October 25, 2020

Wealth Matters: Avoiding Legal Problems When Managing a Household Staff

But this column is for the other people who employ household help — housekeepers, nannies, chefs, butlers and estate managers. Their problems are more about being compliant with employment and tax laws and ensuring low turnover.

“There is no rocket science in our business,” said Travis Dommert, chief operating officer of the Lindquist Group, one of the oldest placement firms for household help in the country. “It’s about how you hire, manage and retain good people and not get sued in the process.”

Yet otherwise smart, wealthy people seem to have a harder time managing their household employees than the people they work with in their day jobs. Here are some tips for people planning to hire household help.

NECESSITY VS. LUXURY During the recession, the market for household help was the inverse of other markets: middle- and upper-middle-class consumers kept it afloat, while the wealthiest cut back.

“Housekeeping and nanny requests are what kept us going through the recession,” said Keith Greenhouse, president of the Pavillion Agency, a 50-year-old domestic staffing firm in New York.

The reason, said Mr. Greenhouse and others, is that many middle- and upper-middle-class couples need a housekeeper or a nanny so they can work.

“For most families with household staff, help is not a luxury but a necessity,” said Kathleen English, who has worked with members of the Rockefeller family and now runs the English Household. “Let’s look at what we’re talking about here. This category encompasses your babysitter, your cleaning lady, the helpmate for your mom, the folks who cut your grass and help keep your house running smoothly while you work.”

She said many of her clients had tried hard to retain their help during the downturn.

Among the wealthiest, though, a full accoutrement of servants is either less appealing or an expense they no longer want.

“I think people’s lifestyles have changed,” Ms. English said. “While Prince Charles employs several hundred staff, William and Kate are more modern, live with less and are more casual in their lifestyles. Household staffing needs are beginning to reflect this modern view.”

Acknowledging this, Mr. Greenhouse said his firm had added a training school that employers could use to teach their existing household workers different skills — and reduce the need to hire additional people. He cited the example of a longtime housekeeper who doesn’t have the skills to serve a formal dinner.

COMMON MISTAKES Many affluent Americans are apt to skip over the logistical details when they deal with their household employees. They may rush the hiring process, run afoul of labor laws or create an unnecessarily stressful situation.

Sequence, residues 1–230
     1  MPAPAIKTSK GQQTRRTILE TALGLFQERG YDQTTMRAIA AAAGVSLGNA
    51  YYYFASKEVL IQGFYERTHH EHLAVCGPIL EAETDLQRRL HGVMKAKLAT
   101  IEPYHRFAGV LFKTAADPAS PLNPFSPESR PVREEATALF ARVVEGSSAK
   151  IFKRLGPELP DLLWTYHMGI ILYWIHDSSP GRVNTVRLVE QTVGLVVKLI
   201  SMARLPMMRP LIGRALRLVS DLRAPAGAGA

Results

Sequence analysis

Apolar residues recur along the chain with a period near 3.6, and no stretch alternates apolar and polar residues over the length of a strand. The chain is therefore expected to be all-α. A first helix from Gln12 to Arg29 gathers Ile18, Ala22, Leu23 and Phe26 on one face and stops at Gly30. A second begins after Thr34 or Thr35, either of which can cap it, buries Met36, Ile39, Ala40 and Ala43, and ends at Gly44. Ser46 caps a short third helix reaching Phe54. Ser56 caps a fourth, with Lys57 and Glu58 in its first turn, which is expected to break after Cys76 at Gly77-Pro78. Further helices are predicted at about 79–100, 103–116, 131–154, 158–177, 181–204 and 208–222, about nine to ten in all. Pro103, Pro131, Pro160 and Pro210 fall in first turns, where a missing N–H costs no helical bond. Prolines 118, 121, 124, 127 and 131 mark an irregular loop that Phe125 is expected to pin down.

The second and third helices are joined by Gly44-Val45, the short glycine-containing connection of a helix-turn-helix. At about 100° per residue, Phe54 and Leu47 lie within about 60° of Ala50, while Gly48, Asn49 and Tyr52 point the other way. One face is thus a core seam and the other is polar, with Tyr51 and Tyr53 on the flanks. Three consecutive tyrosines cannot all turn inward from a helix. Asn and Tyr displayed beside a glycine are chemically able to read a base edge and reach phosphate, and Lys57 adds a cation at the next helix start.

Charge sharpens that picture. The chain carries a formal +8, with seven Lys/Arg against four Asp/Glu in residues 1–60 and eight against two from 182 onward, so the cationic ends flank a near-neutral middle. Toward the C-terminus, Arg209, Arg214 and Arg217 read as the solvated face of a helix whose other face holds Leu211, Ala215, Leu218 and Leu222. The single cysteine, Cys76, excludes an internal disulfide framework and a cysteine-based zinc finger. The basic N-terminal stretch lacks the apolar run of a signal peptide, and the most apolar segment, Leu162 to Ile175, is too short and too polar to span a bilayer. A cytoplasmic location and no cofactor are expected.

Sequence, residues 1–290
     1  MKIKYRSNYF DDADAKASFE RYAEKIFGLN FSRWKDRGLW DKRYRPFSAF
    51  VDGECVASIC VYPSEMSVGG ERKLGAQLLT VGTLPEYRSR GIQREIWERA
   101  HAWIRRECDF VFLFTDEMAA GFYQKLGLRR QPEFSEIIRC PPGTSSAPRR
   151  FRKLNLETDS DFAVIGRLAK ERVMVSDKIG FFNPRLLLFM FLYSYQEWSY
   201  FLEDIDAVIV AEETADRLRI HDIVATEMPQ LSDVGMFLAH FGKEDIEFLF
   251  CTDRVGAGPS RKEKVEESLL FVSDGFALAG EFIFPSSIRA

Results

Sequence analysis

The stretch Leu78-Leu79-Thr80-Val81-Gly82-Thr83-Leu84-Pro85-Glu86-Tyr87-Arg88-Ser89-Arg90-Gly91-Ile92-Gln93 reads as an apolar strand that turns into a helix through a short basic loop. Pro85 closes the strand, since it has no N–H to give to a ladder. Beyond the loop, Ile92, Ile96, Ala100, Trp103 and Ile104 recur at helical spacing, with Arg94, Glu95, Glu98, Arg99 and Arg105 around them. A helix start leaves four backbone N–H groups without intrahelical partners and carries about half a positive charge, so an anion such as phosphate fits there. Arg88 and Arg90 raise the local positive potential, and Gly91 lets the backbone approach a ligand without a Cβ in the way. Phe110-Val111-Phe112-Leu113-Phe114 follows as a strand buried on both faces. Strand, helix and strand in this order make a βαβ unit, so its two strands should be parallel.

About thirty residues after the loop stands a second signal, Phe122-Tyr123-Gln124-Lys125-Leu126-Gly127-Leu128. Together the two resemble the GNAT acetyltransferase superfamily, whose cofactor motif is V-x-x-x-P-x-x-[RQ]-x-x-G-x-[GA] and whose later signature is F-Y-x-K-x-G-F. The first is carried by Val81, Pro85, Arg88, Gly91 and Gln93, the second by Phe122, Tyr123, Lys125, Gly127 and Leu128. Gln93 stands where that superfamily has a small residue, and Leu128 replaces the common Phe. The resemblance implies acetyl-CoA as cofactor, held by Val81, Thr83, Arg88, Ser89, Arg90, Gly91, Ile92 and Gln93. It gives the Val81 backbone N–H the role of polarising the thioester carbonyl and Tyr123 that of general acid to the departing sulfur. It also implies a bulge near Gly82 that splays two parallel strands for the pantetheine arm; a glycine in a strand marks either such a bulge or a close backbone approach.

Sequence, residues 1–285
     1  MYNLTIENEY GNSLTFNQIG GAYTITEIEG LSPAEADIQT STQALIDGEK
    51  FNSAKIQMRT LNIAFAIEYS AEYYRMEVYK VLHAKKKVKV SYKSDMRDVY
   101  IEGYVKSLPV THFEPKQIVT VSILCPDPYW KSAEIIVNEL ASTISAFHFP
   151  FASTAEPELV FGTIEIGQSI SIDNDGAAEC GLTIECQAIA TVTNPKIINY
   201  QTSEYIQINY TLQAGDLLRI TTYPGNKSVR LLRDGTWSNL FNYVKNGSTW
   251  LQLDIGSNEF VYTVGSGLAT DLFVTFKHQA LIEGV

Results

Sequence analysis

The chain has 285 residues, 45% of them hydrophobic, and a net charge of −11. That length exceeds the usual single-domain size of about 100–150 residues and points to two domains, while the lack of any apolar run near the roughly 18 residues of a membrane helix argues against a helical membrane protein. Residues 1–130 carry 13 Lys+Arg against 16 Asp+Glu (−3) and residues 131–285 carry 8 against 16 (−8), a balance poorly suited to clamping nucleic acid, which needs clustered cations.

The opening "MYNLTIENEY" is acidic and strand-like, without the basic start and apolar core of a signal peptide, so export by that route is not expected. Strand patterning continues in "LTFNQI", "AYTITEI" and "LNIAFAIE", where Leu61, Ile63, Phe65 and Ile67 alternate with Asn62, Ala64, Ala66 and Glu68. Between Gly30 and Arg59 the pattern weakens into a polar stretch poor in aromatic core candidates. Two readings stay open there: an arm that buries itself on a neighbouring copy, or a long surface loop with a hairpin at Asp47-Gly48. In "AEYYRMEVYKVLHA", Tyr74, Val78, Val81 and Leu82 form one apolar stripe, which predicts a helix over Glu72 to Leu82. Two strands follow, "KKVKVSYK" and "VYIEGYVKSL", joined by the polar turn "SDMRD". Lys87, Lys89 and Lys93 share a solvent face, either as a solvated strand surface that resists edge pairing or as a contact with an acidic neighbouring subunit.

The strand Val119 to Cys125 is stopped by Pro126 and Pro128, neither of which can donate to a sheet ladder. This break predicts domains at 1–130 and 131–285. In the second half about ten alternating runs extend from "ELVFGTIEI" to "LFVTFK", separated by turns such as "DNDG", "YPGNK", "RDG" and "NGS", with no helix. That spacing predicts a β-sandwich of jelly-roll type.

In interviewing candidates, the most common mistake people make is not being thorough. “They overlook qualifications and background checks,” said Kim Cassford, a former private chef and house manager who co-founded the staffing firm Cassford Management. “You want to look at someone holistically. Check all their references. Are they stable emotionally? What’s their credit history? Do they know C.P.R.? Just one isolated incident can ruin a child’s life.”

The best-known problems, though, are hiring undocumented workers and not paying household help legally. Staffing firms say that while they make sure the people they place have proper documents, it is not their responsibility to address how the workers are paid.

“We offer a payroll service that is geared toward domestic staff,” Mr. Greenhouse said. But some clients, he said, do not want to be told how to pay the people they employ.

“They want their staff and want to pay them however they want,” he said. “We don’t advise that. But you can’t twist their arms. They want to do it the way they want to do it.”

It is hard to believe that anyone thinks it is all right to employ illegal household staff or pay them under the table. But the chances of getting caught are low.

Timothy F. Geithner’s confirmation hearings for Treasury secretary got bogged down in 2009 when it came out that he had employed a housekeeper whose working papers expired while she worked for him. And plenty of people in the wealthier suburbs around New York, where Mr. Geithner lived, blithely ignore the requirement to withhold income taxes for their nannies. But why?

“There is a knowledge gap and this perceived hassle factor,” said Mr. Dommert of the Lindquist Group.

Article source: http://feeds.nytimes.com/click.phdo?i=a52c218a603eb88d7fa3affbb24d1865

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